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EPA approves use of bee-killing pesticide

Agency also suspends study of bee populations

Award winning bees at the Iowa 2018 State Fair in Des Moines, Iowa.  The EPA said Friday it was permitting the broader use of the pesticide sulfoxaflor. (Tom Williams/Roll Call file photo)
Award winning bees at the Iowa 2018 State Fair in Des Moines, Iowa.  The EPA said Friday it was permitting the broader use of the pesticide sulfoxaflor. (Tom Williams/Roll Call file photo)

Just days after another federal agency suspended its periodical study of honey bee populations, the EPA greenlighted the wider use of a pesticide that environmental activists warn could further decimate the pollinators.

A major conservation group says it will take the agency to court over the decision.

The EPA said Friday it was permitting the broader use of the pesticide sulfoxaflor, a move that follows a request by chemical manufacturer Dow AgroSciences LLC.

“EPA is providing long-term certainty for U.S. growers to use an important tool to protect crops and avoid potentially significant economic losses, while maintaining strong protection for pollinators,” Alexandra Dapolito Dunn, assistant administrator for EPA’s Office of Chemical Safety and Pollution Prevention, said Friday. 

The EPA approval of sulfoxaflor follows a decision by the Agriculture Department last week to suspend its study of bee populations, a tool that beekeepers use to track the decline of colonies. The USDA cited limited “fiscal and program resources” as justification for its decision to stop collecting the data.

[Capitol Hill is buzzing: Architect of the Capitol rehomes bee colony]

Dow Chemical Co., the former parent of Dow AgroSciences, gave President Donald Trump $1 million for his 2017 inauguration, according to data compiled by, a project of the Center for Responsive Politics.

Gregg Schmidt, a spokesman for the company, now called Corteva Agriscience following its spinoff after the merger of Dow and DuPont, said it was “pleased” with EPA’s decision. “Growers should have access to tools that can be used safely according to the product label,” he said in an emailed response.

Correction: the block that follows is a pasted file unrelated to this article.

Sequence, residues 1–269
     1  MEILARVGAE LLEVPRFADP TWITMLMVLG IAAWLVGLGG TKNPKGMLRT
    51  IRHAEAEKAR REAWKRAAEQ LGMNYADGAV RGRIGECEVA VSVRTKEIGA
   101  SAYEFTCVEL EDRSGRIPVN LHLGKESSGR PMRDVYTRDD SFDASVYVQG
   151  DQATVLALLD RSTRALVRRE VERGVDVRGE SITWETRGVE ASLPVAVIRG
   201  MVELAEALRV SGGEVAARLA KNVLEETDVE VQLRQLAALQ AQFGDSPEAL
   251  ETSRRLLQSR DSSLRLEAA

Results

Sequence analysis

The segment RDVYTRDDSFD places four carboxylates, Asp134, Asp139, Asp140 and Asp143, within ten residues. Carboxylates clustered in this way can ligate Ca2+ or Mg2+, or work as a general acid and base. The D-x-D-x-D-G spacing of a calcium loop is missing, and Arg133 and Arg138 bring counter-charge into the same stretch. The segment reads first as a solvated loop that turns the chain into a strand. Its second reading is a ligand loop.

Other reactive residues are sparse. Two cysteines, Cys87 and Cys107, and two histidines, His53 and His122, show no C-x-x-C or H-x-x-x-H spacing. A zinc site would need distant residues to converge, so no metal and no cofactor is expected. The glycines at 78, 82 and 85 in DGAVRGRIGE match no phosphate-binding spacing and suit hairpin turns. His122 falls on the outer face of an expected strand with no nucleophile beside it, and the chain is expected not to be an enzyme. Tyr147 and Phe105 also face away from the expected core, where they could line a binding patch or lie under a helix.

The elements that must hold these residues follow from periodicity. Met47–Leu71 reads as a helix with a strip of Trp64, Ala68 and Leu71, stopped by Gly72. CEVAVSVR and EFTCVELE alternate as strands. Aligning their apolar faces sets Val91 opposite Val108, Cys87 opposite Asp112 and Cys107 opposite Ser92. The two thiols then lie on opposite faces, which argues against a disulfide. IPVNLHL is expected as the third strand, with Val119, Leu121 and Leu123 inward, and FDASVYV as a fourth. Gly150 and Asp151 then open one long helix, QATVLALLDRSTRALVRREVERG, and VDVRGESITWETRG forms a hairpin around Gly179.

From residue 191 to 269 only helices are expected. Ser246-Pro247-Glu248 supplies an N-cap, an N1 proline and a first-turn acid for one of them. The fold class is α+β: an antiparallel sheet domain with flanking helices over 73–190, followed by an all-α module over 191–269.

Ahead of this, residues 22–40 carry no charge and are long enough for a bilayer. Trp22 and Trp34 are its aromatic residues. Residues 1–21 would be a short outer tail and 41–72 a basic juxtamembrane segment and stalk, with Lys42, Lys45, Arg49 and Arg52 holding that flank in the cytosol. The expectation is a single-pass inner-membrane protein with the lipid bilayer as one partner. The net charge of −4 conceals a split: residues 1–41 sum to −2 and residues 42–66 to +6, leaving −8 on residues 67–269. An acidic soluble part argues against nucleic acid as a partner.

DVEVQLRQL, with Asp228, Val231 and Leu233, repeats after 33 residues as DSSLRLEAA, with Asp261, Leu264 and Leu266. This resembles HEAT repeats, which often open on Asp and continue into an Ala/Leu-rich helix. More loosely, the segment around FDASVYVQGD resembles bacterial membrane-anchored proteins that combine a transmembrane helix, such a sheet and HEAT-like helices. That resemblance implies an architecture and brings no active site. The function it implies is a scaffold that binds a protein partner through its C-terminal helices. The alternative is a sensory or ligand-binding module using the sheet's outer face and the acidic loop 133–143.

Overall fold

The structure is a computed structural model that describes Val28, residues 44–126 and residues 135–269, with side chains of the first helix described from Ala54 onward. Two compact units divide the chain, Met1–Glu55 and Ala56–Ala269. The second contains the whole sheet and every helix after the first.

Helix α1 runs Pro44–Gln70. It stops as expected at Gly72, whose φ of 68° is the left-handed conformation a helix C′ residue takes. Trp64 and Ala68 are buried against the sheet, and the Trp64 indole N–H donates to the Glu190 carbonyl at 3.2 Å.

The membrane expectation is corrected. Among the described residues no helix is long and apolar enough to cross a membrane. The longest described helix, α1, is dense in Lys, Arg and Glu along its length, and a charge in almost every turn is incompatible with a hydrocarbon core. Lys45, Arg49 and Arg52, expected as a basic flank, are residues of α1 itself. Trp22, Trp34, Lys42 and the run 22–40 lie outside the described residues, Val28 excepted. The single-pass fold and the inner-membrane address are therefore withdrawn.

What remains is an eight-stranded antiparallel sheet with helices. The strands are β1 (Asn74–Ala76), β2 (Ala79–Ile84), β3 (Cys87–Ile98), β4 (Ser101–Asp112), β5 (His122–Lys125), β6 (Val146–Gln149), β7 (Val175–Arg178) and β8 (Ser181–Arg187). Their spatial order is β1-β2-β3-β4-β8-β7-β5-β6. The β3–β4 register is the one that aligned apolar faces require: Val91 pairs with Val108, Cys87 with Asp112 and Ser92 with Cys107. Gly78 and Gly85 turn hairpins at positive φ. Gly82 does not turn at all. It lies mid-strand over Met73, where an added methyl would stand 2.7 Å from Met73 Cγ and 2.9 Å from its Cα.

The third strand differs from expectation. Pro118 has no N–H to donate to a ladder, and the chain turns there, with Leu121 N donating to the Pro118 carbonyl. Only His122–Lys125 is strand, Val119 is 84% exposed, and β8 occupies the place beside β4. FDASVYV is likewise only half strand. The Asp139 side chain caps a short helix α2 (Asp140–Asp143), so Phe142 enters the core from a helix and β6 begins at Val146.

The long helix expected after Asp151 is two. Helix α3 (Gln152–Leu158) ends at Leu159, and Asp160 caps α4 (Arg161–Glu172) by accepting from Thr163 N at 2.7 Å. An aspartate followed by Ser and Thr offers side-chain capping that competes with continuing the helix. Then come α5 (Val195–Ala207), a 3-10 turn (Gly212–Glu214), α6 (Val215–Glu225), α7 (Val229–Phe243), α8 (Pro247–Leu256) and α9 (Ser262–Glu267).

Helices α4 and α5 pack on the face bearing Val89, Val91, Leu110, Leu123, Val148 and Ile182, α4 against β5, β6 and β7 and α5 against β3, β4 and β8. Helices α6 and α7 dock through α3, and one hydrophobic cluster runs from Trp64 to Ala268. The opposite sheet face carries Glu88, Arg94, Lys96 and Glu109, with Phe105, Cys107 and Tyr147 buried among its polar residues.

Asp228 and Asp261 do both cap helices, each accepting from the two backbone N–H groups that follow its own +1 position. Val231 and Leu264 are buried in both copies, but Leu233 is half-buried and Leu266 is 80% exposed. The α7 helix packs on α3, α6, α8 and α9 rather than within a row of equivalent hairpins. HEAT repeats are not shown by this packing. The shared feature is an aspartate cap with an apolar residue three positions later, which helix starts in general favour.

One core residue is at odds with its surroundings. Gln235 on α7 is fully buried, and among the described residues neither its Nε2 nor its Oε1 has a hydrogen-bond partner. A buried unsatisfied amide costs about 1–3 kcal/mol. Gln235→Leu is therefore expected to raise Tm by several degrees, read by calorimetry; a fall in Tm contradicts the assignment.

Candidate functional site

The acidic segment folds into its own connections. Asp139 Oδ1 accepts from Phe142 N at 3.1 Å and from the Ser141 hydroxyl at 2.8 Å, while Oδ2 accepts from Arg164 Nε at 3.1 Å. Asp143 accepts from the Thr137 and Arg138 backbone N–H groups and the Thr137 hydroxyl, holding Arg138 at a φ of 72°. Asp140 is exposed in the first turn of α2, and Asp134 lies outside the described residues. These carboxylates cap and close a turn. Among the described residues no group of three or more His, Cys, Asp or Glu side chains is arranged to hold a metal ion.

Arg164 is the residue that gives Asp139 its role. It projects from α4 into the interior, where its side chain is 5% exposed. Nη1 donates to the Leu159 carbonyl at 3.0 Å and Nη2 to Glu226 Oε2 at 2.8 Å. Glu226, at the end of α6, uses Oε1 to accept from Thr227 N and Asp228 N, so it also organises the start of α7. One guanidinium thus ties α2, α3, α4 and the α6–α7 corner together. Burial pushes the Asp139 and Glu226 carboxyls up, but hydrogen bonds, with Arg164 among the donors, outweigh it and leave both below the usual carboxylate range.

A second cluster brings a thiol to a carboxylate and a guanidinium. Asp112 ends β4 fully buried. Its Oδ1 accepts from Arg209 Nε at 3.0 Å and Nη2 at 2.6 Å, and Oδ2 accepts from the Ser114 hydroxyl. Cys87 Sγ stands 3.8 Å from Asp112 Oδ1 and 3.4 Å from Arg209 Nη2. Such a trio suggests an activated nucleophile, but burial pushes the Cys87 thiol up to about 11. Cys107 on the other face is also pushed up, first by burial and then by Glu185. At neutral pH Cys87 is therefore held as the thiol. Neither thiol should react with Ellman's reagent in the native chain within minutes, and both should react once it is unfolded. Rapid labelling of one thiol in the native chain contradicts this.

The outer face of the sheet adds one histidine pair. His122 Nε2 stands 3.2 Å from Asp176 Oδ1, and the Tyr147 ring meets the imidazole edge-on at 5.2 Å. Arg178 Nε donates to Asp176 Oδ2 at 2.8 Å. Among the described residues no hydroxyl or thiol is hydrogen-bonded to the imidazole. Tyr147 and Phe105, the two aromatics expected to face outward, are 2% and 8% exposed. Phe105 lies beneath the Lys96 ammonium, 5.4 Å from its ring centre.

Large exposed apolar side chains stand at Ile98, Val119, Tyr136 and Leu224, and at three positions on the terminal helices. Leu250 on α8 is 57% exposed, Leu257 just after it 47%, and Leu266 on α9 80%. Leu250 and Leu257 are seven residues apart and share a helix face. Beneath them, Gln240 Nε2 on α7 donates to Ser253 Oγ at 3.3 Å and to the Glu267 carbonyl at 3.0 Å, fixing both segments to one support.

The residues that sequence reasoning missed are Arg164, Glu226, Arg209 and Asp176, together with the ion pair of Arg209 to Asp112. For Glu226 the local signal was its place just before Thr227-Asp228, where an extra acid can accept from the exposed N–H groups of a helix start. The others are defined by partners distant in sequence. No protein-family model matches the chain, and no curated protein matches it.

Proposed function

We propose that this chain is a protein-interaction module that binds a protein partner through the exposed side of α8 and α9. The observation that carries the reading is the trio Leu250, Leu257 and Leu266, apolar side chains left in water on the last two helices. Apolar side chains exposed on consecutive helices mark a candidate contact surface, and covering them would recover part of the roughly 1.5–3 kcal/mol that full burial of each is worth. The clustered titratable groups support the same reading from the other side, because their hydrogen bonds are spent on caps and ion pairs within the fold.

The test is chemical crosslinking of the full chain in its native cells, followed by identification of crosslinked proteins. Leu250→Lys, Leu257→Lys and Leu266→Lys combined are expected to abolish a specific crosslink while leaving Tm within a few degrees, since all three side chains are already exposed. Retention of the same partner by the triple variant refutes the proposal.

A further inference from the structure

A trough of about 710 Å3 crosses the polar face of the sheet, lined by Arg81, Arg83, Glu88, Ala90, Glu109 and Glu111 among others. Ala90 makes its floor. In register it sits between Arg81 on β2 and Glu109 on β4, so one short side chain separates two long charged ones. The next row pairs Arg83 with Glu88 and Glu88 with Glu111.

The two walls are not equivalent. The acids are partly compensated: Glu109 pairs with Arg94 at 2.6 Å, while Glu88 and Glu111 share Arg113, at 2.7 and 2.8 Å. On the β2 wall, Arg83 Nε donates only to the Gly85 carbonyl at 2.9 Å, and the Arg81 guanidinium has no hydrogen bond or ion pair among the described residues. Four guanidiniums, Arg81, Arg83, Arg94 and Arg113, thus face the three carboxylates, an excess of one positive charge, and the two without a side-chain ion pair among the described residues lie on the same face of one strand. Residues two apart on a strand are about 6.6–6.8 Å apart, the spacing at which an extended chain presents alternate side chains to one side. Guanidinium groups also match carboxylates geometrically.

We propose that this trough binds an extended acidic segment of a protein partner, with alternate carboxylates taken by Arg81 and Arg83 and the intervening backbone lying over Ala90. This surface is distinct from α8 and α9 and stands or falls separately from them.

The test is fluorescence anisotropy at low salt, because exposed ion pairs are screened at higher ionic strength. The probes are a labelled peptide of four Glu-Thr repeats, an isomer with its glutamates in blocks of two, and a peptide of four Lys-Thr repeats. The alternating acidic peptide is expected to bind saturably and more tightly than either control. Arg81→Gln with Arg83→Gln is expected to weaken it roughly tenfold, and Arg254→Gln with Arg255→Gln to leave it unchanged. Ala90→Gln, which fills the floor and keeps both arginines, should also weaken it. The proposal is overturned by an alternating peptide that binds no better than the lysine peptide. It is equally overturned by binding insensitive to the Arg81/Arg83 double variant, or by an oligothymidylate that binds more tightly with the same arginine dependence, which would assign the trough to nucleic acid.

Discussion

Researchers have observed the sudden and quick disappearance of honey bee colonies in the U.S. and other parts of the world, with implications for ecosystems, crop yields and nutrition.

Blame for the bees’ losses have been assigned to intensive farming practices; planting of a single crop on the same land year after year, or mono-cropping; excessive use of agricultural chemicals and higher temperatures due to climate change, according to the United Nation’s Food and Agriculture Organization.

“Bees are under great threat from the combined effects of climate change, intensive agriculture, pesticides use, biodiversity loss and pollution,” said FAO’s Director-General José Graziano da Silva in a video for World Bee Day in May. “The absence of bees and other pollinators would wipe out coffee, apples, almonds, tomatoes and cocoa to name just a few of the crops that rely on pollination.”

Between April 2018 and the same month this year, beekeepers in the U.S. lost about 40.7 percent of their colonies, according to a report by of the Bee Informed Partnership, a program partly run by the University of Maryland and Auburn University. 

“Just looking at the overall picture . . .  it’s disconcerting that we’re still seeing elevated losses after over a decade of survey and quite intense work to try to understand and reduce colony loss,” Geoffrey Williams, assistant professor of entomology at Auburn University and co-author, said in comments accompanying the June 19 report. “We don’t seem to be making particularly great progress to reduce overall losses.”

A study published in the journal Nature found exposure to sulfoxaflor reduced bees’ ability to reproduce.

“The Trump EPA’s reckless approval of this bee-killing pesticide across 200 million U.S. acres of crops like strawberries and watermelon without any public process is a terrible blow to imperiled pollinators,” Lori Ann Burd, the director of the Center for Biological Diversity’s environmental health program, said following EPA’s announcement. “With no opportunity for independent oversight or review, this autocratic administration’s appalling decision to bow to industry and grant broad approval for this highly toxic insecticide leaves us with no choice but to take legal action.”

The Obama administration in 2015 moved to ban the use of the pesticide after a lawsuit brought by beekeepers. Another court decision later prompted the Obama EPA to allow the use of the pesticide although it restricted it to only crops that are not attractive to pollinators.

Dow AgroSciences, the manufacturer of the pesticide, in 2018 filed an application to the EPA for wider use of sulfoxaflor, according to a filing in the Federal Register.

EPA’s decision on Friday not only adds new uses for the pesticides but also removes previous restrictions.

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